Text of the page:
Async initialization of services during startup

Async initialization of services during startup

Startup phases:

  1. Bootstrapping the native platform code
  2. Bootstrapping the Flutter code
  3. Normal application state where user interaction is allowed

Bootstrapping the native platform code

The first thing that happens when a Flutter app starts, is the bootstrapping of the native platform code. This piece is responsible for showing the splash screen and creating a container where the Flutter app can live. As soon as everything is ready, the main function in the /lib folder is executed. This main function is responsible for bootstrapping the Flutter code.

Bootstrapping the Flutter code

The bootstrapping of the Flutter code is where things might get complicated due to the async nature of Flutter and the usage of Provider to provide services and state. The reason for this is:

  1. When using Provider for services and state, these services and state are part of the widget tree.
  2. Some services are initialized asynchronously. For example Sqflite and all other services that are using method channels to access the underlying platform.
  3. The widget tree must build to have a user interface
  4. The building of the user interface depends on services and state defined in step 1

To complicate things even further, some services are dependant on other services and the order of initialization of the services might matter.

One might try to initialize all the services before runApp(MyApp()) is called.

Future<void> main() async {
   await initAllServicesAndState();

This has some major downsides:

  • There is no widget tree yet, getting the services into the widget tree from this point is hacky.
  • If something fails during initialization and you want the user to decide how to recover, there is no easy way to show some UI.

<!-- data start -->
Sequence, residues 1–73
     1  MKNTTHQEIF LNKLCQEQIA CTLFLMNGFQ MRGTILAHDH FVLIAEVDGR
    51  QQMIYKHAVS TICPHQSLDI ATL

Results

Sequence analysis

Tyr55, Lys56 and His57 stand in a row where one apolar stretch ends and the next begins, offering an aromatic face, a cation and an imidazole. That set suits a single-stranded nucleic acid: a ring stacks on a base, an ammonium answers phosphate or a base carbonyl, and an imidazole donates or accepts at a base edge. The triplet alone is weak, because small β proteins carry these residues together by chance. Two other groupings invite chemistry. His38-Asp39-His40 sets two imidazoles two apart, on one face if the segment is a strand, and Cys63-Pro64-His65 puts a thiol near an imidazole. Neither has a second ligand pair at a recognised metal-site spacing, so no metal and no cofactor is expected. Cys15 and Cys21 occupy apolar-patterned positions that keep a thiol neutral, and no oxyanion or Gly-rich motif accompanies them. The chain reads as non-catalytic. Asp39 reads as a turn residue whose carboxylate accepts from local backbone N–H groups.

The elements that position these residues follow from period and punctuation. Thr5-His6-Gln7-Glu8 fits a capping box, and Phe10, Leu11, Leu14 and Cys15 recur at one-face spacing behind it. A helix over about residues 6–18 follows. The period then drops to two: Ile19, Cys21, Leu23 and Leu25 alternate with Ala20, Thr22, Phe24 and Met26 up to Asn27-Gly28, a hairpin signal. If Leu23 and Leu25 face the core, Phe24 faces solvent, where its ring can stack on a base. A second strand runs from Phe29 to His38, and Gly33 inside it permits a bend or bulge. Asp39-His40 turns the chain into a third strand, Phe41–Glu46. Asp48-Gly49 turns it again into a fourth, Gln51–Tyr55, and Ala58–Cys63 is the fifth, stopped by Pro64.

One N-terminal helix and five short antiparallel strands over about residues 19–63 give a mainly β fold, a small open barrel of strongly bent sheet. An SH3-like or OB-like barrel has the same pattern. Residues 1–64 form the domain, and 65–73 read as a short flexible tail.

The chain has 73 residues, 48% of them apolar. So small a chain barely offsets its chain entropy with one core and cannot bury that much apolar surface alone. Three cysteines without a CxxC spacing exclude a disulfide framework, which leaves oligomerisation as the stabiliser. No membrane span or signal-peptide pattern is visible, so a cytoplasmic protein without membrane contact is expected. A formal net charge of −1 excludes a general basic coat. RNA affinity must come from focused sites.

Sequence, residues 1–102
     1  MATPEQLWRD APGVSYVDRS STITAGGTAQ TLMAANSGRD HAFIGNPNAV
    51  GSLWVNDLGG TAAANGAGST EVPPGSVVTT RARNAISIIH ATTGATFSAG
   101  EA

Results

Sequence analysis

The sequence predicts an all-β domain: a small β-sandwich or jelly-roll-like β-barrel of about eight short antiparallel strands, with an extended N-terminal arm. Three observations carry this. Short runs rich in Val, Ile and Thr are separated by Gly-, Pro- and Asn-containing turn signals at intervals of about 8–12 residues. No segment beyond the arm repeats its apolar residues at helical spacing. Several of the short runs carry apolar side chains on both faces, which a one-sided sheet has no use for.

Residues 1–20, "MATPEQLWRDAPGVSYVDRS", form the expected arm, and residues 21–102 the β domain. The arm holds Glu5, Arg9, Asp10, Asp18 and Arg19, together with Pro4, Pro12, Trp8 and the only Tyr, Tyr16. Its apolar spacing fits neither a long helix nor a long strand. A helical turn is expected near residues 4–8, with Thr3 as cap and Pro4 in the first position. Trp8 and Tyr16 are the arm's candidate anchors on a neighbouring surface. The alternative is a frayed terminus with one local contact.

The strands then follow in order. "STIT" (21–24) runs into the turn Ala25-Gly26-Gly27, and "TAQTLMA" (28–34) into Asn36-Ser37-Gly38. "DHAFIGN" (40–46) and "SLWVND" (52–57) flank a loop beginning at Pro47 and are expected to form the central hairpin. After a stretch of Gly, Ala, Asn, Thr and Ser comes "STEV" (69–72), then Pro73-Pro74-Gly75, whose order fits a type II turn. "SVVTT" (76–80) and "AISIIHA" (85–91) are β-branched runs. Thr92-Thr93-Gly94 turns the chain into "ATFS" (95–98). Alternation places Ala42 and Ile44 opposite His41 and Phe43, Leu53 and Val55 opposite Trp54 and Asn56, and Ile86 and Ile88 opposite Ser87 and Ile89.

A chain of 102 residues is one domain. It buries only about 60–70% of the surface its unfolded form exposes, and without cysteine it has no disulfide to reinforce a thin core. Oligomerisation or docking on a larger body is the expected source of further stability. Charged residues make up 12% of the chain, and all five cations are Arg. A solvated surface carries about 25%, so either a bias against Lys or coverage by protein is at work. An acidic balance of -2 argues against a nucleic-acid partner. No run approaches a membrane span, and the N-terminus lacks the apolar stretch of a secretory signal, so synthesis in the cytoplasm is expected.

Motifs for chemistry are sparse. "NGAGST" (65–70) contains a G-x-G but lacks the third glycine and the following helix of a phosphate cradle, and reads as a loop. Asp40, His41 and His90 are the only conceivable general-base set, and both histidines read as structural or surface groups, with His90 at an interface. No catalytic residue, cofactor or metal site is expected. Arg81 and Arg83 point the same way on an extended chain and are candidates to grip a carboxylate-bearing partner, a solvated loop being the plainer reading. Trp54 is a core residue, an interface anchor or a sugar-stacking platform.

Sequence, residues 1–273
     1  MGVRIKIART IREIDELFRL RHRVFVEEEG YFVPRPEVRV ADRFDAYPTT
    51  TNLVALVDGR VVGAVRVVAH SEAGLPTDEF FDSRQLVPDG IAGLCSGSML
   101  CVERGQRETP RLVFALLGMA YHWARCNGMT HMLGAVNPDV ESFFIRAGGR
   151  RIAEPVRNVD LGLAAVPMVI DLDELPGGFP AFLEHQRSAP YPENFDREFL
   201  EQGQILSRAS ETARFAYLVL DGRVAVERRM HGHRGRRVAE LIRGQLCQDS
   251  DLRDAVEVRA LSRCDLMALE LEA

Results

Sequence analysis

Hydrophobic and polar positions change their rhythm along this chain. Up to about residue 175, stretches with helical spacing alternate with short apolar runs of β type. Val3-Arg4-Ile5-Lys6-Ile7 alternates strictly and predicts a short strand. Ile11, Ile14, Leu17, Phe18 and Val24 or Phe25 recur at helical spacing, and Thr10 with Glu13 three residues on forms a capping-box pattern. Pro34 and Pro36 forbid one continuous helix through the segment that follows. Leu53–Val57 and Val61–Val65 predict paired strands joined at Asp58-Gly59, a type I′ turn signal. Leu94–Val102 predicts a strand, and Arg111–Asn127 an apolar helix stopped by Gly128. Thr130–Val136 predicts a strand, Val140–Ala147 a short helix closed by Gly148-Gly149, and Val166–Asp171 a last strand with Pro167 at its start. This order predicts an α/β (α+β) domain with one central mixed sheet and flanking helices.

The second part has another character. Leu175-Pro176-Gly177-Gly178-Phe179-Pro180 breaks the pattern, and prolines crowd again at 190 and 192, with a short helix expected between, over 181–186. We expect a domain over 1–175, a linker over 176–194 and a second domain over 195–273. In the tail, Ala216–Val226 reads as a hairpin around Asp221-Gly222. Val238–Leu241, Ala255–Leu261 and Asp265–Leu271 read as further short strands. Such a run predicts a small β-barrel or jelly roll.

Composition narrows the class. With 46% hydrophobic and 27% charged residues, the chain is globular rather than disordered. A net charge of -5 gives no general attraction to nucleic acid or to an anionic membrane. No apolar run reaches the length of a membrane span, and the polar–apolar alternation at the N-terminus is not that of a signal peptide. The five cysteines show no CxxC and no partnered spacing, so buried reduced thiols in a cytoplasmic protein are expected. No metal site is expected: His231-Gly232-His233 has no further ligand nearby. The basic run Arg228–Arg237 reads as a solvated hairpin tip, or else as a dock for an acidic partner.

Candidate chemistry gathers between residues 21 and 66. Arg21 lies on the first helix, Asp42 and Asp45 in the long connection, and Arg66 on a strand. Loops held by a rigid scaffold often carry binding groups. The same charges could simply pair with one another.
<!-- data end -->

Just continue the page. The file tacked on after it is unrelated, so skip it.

Another approach is to initially build a user interface that is not dependant on any services or state. The only responsibility of this page is to initialize things. In my project, this is called AppStartPage.


I decided to take the following approach:

  1. Let Provider create the services and states
  2. Set AppStartPage as ‘home’ in the MaterialApp
  3. Let AppStartPage initialize the services
  4. When initialization is done, replace the AppStartPage with the HomePage of your app
class AppStartPage extends StatefulWidget {
  \_AppStartPageState createState() => \_AppStartPageState();

class \_AppStartPageState extends State<AppStartPage> {
  void initState() {

  Future<void> onStart() async {
    await Provider.of<VersionService>(context, listen: false).init();
    await Provider.of<SoundService>(context, listen: false).init();
    await Provider.of<ConfigurationBoxService>(context, listen: false).init();
    await Provider.of<ConfigurationLoader>(context, listen: false).init();
    await Provider.of<LoggingServiceFile>(context, listen: false).init();
    Provider.of<LoggingServiceFile>(context, listen: false).connectLogWriter();
    await Provider.of<DatawedgeService>(context, listen: false).init();
    await Navigator.pushReplacement(context, HomePage.Route);

  Widget build(BuildContext context) {
    return Container();

In this sample, the AppStartPage is an empty container. In a real app, you might want to show a page that informs the user what is going on, like ‘Loading….’.

A downside is that the app now has two splash screens. The first is coming from the Android/iOS project. The second one is AppStartPage.

But the advantages of an AppStartPage are obvious:

  1. Everything is initialized properly and in the right order when the app starts
  2. No user interaction is possible before the initialization is done, so no-undefined state.
  3. When there is a problem during initialization, you can ask the user in a pop-up what to do.
  4. It is super simple….